A few weeks ago the phone rang. “You
gotta see this to believe it.” The rifle, a new Winchester, was in itsy-bitsy pieces,
blown to smithereens. The obvious answer to the problem was that some insane reloader had
filled the case with Bullseye, added some pure nitroglycerine, a few sticks of dynamite,
and then primed it with a small nuclear device. The reality was the wreck was accomplished
with factory ammunition and a very small mistake - a mistake of only seven thousandths of
an inch, .007 inch!
This is what happened. The gentleman
who called me helped the young fellow bed the rifle on the sandbags and then walked back
to his own bench. A few seconds later he heard what he described as a rather loud
explosion, followed by the sounds of a car wreck - those sounds of rending metal and the
clatter of falling pieces. We should jump right in with the good news. Sitting in the
middle of this pile of devastation is a pretty stunned young man with one tiny speck of
blood on the end of his nose. He was, by some grand good fortune, uninjured.
The mistake and the chain of events
that followed are interesting. A year earlier the shooter and his father had borrowed a
rifle, a 7mm Remington Magnum. A spare shell from the previous hunting season found its
way into the box of .270 Weatherby ammunition. The mistake was not one of great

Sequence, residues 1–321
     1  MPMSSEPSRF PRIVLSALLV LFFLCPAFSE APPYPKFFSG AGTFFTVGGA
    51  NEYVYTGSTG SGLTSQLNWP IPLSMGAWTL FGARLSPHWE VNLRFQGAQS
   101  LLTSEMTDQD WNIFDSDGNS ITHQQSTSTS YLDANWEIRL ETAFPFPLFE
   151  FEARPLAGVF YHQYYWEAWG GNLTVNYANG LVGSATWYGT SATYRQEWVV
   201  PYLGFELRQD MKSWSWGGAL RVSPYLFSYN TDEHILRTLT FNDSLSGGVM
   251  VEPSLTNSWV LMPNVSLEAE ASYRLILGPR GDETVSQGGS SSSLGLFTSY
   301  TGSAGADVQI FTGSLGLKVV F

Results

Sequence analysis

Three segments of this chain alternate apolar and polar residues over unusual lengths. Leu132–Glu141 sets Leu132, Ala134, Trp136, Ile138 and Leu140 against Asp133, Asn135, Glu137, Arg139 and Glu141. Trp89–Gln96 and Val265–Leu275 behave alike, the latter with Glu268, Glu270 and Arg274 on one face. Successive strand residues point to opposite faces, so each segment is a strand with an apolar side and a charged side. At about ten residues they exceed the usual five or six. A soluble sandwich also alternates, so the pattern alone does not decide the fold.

negligence, stupidity, fool hardiness or any other great fault. It was a very small
mistake with very big consequences; he fired a 7mm Remington Magnum cartridge in a rifle
chambered for .270 Weatherby. It was, if you will, a mistake any one of us could make. And
as you will see in a moment, there are several other combinations with a similar disaster
Looking at the destruction, we can
sort of piece together what happened - and even when I see it, I almost do not believe it.
The 7mm shell fits very tightly in the somewhat loose .270 Weatherby chamber neck and
headspaces on the belt. Even though the bullet is only slightly oversize, it creates a
zero-tolerance fit in the neck area, a situation that grips the bullet tightly in the case
instead of releasing it as intended. It is a little like mashing the gas pedal on your car
while standing on the brake, lots of horsepower is stored ready to spring.
The chamber pressure rises rapidly,
very rapidly. As we move through this incident, the bullet moves out of the case neck but
then rivets up just in front of the shorter case neck, making a bullet much larger in
diameter than the original .284.
Somewhere in these milliseconds, gas
begins to leak, probably from a blown primer. The gas blows the receiver ring apart.
(These Winchester actions usually break right along the raceway cut for the extractor,
because there is a sharp corner there.) When the receiver begins to open up like a clam,
it releases the barrel and the barrel moves rapidly forward.
Now, the rear of the case is totally
unsupported. The case head vaporizes, dumping all the high pressure gas into the action.
Most metal surfaces are painted with brass vapor. This gas finishes off the receiver,
bending the rails and sending the pieces of the front receiver ring into orbit. (They were
never recovered.) The same gas cuts away the rear locking surfaces of the bolt and
splinters the stock from the rear tang to the middle of the forend.